8 Weeks Old Lab...1st week at home and I am done

Discussion in 'Labrador Puppies' started by Usman, Sep 13, 2020.

  1. Usman

    Usman Registered Users

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    Dear Community,

    My wife, daughter and me very excitedly got a lab puppy last Sunday. We did a lot of research did a lot of shopping made room puppy proof, placed a crate and then also placed puppy-pen. I took a week off for hospitation and settling him down, started with vaccination and got tons of toys. We even changed our car to fit him in.

    Its been 7 days and it feels like ages. It feels like I am completely done with him he pees all the time I take him out almost 30 times a day and still I can't avoid 2-4 accidents in a day. He never popped indoors and he sleeps in his crate during the night, but when he is up he needs 100% attention at all time.

    I know he is not at fault and young and probably it is alright if he pees a little 3 times in an hour at this point in his life but it feels like I have no life left. I am a very active sports lover and before this week I spent maybe 12-15 hours training and it all seems like a distant dream now. I have work from tomorrow (home office), but I feel I can't imagine how will I manage him and work together. He sleeps alright at night almost from 10-6 and wakes up 3 times to pee.

    We also have a cat at home very sophisticated cat and he is visibly unhappy, the cat sleeps in our bedroom so it is not possible for us to keep his crate in our bedroom. I sleep in his room, but I am sure it will be alright to let him sleep alone in his crate once we have a schedule for peeing.

    I feel my sentences are disoriented and there is no flow in this writing, but that is the state of my mind. I didn't have the time for a proper shower and shave in the last 7 days and I am tired.

    Please tell me if I am doing something wrong if this is normal to have accidents even after taking care of him almost 24/7 and at some point, he will get accustomed to living with us and there will be time for ourselves. I am seriously thinking about taking the pill and return him to the breeder.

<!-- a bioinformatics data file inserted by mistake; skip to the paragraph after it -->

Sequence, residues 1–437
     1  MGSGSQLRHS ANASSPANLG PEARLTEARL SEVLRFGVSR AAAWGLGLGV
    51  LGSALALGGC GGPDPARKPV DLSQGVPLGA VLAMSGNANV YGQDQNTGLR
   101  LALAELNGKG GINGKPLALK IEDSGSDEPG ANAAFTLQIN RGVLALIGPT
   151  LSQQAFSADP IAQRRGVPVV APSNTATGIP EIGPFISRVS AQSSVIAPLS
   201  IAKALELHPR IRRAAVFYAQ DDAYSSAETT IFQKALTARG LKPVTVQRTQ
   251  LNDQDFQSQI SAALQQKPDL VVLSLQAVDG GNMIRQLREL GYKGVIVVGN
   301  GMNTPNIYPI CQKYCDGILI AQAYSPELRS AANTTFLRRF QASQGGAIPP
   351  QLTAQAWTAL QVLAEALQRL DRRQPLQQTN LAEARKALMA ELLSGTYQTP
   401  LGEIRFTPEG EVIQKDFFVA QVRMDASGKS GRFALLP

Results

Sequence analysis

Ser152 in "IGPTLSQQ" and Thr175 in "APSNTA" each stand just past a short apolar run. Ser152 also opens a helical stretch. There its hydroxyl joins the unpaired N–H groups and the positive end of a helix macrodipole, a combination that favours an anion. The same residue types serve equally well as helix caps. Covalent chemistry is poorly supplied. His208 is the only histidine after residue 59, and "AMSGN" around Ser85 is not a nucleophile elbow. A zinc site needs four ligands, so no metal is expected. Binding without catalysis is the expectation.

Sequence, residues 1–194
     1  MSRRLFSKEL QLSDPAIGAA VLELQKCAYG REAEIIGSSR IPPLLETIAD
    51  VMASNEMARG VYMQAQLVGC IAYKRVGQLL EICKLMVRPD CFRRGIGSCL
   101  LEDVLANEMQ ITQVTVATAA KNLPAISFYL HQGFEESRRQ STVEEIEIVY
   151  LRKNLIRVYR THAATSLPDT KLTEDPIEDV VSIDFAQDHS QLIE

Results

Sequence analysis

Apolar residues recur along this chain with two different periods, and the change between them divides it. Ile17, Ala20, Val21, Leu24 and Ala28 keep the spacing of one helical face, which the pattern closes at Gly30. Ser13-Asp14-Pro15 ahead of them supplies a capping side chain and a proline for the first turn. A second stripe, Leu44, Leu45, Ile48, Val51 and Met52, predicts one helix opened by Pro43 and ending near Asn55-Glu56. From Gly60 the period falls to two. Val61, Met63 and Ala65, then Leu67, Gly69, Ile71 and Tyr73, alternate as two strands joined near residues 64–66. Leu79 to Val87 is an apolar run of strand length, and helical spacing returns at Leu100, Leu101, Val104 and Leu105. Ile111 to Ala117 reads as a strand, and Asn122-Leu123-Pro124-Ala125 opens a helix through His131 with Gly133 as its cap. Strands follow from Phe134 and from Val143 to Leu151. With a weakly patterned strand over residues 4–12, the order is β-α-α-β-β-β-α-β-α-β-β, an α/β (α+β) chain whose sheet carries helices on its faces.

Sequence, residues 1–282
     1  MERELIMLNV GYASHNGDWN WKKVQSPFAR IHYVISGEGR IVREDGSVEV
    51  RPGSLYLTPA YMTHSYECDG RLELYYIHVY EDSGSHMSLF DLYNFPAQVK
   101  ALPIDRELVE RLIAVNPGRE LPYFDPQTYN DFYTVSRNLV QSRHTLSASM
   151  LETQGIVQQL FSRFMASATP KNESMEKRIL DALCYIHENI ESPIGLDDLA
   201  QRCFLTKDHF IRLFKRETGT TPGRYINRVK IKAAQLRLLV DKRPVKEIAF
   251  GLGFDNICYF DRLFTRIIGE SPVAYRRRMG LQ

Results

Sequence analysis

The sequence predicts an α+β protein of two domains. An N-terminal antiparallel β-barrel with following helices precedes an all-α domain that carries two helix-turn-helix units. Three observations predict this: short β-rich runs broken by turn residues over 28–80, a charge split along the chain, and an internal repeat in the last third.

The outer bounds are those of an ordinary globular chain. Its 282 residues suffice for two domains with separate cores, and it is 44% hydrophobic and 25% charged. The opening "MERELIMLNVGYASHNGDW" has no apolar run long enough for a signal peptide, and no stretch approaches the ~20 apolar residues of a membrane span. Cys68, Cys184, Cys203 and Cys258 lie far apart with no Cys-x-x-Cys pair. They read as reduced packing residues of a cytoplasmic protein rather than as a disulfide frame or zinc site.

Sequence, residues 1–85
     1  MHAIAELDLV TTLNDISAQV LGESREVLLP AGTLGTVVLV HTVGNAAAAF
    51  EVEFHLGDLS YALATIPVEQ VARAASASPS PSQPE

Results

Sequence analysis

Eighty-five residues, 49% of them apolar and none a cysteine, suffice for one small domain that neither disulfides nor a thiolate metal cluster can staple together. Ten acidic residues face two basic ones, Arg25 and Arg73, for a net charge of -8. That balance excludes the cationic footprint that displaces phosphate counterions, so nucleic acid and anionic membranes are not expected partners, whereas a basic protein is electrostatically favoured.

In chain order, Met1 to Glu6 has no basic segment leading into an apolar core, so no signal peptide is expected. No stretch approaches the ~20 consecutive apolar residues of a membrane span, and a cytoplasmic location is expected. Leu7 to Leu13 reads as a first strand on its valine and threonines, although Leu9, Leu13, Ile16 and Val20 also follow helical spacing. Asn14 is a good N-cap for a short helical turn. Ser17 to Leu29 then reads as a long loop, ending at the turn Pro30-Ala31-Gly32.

Please help anything some words or critics to tell me what I am doing wrong?
     
  2. sarah@forumHQ

    sarah@forumHQ Moderator

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    Hi Usman,

    Welcome to the forum, I'm sorry to hear that you're struggling.

    Take a look at this article about the Puppy Blues on our main site, and also have a read though some of the old puppy threads on this forum if you have time. The good news is - you're not alone in feeling the way you do.

    Puppies are an absolutely massive upheaval. They do demand a lot of attention throughout their first year, and I'm afraid that many of your normal habits are likely to end up on hold for several months. It's a big investment of time and emotions. It is usually extremely rewarding in the end, but it's also ok to realise that it's not for you. Your breeder should have no trouble rehoming him at 9 or 10 weeks old if that's what you decide to do. You might also have a happier experience adopting an older dog in the future, who's already toilet trained and used to spending some time alone.

    But if you do want to persevere, take heart that puppies grow up very quickly! Lots of the stages are just as all consuming and gruelling as when your daughter was a baby, but they're over sooo much quicker!

    And we're always here to listen and offer support whenever you want to reach out :)
     
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  3. Leomag

    Leomag Registered Users

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    Dear Usman. I'm sorry you are not enjoying your experience. It sound about right though. Puppies require A LOT OF TIME! I almost went into depression after a few weeks of having ours because I pretty much had to give up work and despite that, had no time left for anything. Goodbye energy, motivation, showers, sports and more and hello junk food and stress. Our family had to make massive adjustments to cope. We had been told puppies needed a lot of time and work but we did not fully realise. HOWEVER, he is now nearly 6 months old and we would never go back to living without him. We trained him successfully in many many aspects so far and compared to most dogs we see, he is really really doing well BUT that is from CONSTANT work and research. Even teaching him to play requires work and research. We also now consider and see the positive aspects of having him. Calmer, more outdoorsy household. My husband also used to run and bike ride all the time before we had the pup and is now only slowly going back to it but for a while it was practically impossible. I still believe it is possible to continue enjoying a pretty similar life as before but it requires a significant amount of organisation and adjustments. If you are not ready to make the puppy a priority for at least a year or do not have the will or means to modify your family arrangements accordingly, then I feel like you will always feel bitter about this. If you want to rehome you pup, I would get in touch with the breeder where you got him before anything else. They are usually pretty good at helping in those situations and might be able to take him back.
     
  4. Jess_Bushby